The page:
times after that, for when I married I lived among my husband's people for 
twenty-one years and we got pretty well acquainted. 

We were less prepared for the second winter. Father and I went oyer a 
mile to Lime Lake and brought home on a hand sleigh pine bolts which he 
split with a fro and made into staves for sap buckets. Our cabin was turned 
into a cooper shop and only on Sundays the house being specially cleared up 
had any semblance of a home. By this method we kept track of Sundays. 
Father made hundreds of buckets to gather the sap and tubs to hold the syrup 
which was strained through heavy woolen bags to eliminate the lime. He also 
made an iron pan in which to boil down the sap. These pans had sides of 
wood and were placed over arches which contained the fire. ■ We made many 
hundred pounds of fine maple sugar. Food was scarce and the best mother 
could do was to contrive new methods of preparing the corn which was our 
only dependence. Seth worked at Glen Arbor and at long intervals came with 
tea and pork. 

Father took the sugar with an ox team to Glen .Arbor where it was shipped 
to a rich uncle of mother's in Detroit and sold to good advantage. With the 
money he bought a horse and wagon and many things needed. Our aunt sent 
a barrel of clothing and no present, past or future, can ever again be so 

Our sister vSarah who had been left in New Vouk state came in .July, and 
it August another sister was added to our family. 

Dr. Wilson was our physician coming to us from Kasson township, Lee- 
lanau county. He was an excellent doctor and line scholar, teaching school 
during the winters. He was to send us some medicine and I was sent on 
horseback to get it. On my return about a mile from home I met a big black 


bear which frightened me beyond measure. 1 screamed in my fright when the 
bear turned, looked at me and scampered ofif into the woods. I never saw but 
one after that and he ran one way as fast as I ran the other. 

We missed Seth who was at work fifty miles away at a man's full wages, 
and we also missed the tea and pork he brought on his visits. Mother could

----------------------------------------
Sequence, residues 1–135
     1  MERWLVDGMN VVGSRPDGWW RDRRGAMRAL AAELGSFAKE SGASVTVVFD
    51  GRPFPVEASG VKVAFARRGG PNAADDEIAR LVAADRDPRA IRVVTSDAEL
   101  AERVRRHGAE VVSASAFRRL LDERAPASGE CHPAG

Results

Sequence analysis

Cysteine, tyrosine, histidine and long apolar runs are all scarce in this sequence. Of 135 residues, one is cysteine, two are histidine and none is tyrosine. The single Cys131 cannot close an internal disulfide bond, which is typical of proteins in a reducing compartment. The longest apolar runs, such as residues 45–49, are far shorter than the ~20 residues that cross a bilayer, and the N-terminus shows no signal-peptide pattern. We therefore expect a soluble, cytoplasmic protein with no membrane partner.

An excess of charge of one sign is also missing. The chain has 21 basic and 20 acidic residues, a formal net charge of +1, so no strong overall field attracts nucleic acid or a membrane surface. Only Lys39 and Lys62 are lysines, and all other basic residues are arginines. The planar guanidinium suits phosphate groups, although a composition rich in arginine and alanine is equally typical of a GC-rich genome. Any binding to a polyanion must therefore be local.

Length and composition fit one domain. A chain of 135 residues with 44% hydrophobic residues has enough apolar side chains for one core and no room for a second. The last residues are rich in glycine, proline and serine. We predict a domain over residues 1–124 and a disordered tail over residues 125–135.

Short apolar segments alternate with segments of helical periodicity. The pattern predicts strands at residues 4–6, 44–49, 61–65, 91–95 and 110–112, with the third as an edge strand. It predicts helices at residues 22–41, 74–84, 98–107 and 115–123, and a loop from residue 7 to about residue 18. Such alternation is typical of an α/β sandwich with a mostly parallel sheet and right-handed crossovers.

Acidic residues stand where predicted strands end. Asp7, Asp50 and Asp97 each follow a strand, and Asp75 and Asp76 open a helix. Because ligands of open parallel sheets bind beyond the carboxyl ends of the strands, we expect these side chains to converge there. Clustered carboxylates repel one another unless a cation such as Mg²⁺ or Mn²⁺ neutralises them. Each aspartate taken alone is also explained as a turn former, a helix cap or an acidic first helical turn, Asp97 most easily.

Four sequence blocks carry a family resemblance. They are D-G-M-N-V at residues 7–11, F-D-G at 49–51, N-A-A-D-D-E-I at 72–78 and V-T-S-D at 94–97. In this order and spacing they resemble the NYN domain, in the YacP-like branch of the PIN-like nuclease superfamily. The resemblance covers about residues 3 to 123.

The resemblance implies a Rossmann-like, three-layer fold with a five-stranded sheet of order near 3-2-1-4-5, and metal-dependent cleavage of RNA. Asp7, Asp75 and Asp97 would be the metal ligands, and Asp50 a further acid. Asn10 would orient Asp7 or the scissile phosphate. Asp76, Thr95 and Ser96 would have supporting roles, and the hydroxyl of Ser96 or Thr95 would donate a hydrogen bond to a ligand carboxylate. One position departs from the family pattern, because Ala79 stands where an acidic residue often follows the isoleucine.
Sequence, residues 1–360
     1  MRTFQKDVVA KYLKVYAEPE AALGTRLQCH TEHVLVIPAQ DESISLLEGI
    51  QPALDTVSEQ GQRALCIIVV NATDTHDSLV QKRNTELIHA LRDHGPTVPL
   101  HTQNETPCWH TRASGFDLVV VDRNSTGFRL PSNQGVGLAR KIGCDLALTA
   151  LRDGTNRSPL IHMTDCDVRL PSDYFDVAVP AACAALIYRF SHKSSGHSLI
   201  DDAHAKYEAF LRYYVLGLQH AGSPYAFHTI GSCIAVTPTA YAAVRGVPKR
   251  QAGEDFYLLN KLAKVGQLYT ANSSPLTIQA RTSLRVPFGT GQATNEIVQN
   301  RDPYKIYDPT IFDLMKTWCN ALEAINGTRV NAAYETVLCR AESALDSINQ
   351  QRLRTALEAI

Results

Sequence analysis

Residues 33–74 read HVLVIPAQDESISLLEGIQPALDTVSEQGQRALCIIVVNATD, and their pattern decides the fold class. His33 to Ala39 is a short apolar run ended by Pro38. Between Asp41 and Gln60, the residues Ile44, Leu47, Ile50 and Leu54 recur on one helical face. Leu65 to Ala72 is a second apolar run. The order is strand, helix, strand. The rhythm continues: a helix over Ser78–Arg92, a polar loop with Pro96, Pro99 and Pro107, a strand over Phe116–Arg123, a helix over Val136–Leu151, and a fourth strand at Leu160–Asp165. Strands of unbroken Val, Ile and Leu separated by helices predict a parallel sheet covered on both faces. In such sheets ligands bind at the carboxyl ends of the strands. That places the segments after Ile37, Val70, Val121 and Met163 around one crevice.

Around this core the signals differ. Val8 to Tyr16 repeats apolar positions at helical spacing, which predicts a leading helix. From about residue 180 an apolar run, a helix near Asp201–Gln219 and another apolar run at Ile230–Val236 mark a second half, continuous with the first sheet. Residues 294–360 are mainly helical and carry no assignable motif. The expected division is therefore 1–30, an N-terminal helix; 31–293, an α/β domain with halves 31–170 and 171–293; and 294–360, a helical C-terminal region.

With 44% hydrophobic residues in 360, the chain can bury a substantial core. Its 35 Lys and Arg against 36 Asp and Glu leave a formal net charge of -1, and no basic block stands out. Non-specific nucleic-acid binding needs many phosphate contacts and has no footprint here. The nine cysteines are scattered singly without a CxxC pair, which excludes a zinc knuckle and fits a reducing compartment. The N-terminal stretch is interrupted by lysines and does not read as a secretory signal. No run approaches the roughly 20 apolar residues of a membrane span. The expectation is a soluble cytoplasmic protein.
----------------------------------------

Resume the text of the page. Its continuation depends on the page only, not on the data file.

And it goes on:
only spare one slice of pork for a meal using the drippings to season the water 
gravy for the potatoes and corn bread. 

Our sugar was sold in Frankfort and supplied only a few of our many 
necessities. That summer we found red raspberries and blackberries in 
abundance. The crops were very poor, a little buckwheat, corn, potatoes and 
"baggas." We killed our first pig. In our nine years stay on the place we 
never owned a cow. 

The choice of a location for a county seat was submitted to a vote of the 
electors in that early day but it was not an easy matter to settle on a perma- 
nent' location. Frankfort and Benzonia contested the right of ownership for 
more than forty years and the county seat went like a will-of-the-wisp back- 
ward and forward from one place to another time and again. The newspapers 
of the early day, The Banner of Benzonia and the Express of Frankfort in long 
elaborately wrought columns vented their spleen in vituperation of the success- 
ful party. Perhaps the people of Benzonia would be peacefully going about 
their daily avocation or sleeping quietly in their beds, never guessing anything 
out of the ordinary when the summons would come for some of them to appear 
at the next term of Circuit Court which would be held at the county seat at 
Frankfort. Then they would awaken to the fact that the county seat had liter- 
ally taken legs and walked off — but it did not remain off for long, for the same 
mode of procedure would be used in reclaiming the stolen property. Finally 
Frankfort won out and for several years the county seat was fixed at that 
place, the discarded school building being used as a court house. People 
seemed afraid to invest money in a county building when the county seat was